Israeli officials had no official response, and said that the idea would be examined if and when a concrete proposal was presented, something that has not been done.
Prime Minister Ehud Olmert told the cabinet Wednesday that weaponry was being smuggled into Gaza that could alter the strategic balance there, and that he intended to raise the issue with Rice, who was scheduled to arrive in Israel on Wednesday for a 24-hour visit, part of a five-day Middle East tour. Rice is also scheduled to go to Saudi Arabia and Egypt, where she is expected to hold a mini-summit with leaders from Jordan, Egypt and the Persian Gulf states.
Shin Bet (Israel Security Agency) head Yuval Diskin told the cabinet Wednesday that since last August some 20 tons of high-grade explosives that can significantly upgrade the range and quality of rockets in Gaza had been smuggled from Sinai into Gaza. Although he did not say that the explosives came through the Rafah crossing, he did say that money and terrorists had come through there.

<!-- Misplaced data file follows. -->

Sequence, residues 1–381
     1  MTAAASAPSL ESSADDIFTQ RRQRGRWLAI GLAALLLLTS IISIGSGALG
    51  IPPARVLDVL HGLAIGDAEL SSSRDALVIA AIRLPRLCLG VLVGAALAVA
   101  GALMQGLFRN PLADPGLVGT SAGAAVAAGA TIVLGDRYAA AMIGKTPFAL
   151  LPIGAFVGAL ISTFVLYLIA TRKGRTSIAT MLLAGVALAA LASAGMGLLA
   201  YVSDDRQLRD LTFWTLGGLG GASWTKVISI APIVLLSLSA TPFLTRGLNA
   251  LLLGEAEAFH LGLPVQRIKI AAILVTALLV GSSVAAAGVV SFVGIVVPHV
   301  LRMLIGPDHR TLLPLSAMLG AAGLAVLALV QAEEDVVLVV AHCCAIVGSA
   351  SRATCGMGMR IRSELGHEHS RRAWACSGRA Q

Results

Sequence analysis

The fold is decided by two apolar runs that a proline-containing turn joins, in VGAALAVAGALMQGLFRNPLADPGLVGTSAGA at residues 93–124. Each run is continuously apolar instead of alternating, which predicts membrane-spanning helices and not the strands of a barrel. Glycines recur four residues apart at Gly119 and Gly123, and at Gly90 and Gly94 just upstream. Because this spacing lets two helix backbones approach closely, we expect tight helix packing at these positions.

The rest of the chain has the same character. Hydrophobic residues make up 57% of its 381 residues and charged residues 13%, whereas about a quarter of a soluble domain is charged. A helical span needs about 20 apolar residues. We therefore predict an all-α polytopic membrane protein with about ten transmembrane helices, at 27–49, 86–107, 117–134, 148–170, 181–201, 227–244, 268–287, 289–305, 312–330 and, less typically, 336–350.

Cibrian-Uzal said that if advanced weaponry has been smuggled into Gaza, it had not been through the Rafah crossing where the EU monitors were deployed.
"If the agreements in Rafah are not meeting Israeli expectations, I do not think that is because the EU is not doing its part," Cibrian-Uzal said. "The EU is fulfilling the terms of reference given in the agreements, but we cannot do what is not in the terms of reference." The EU's ambassador said that the Rafah crossing "is the most secure point" along the border between Egypt and Israel.
"We don't have a mandate to stop tunnels," Cibrian-Uzal said. "There are tunnels north and south of the Rafah border point, and that is a border that is very challenging. The responsibility for that border is with Egyptian, Israeli and Palestinian authorities."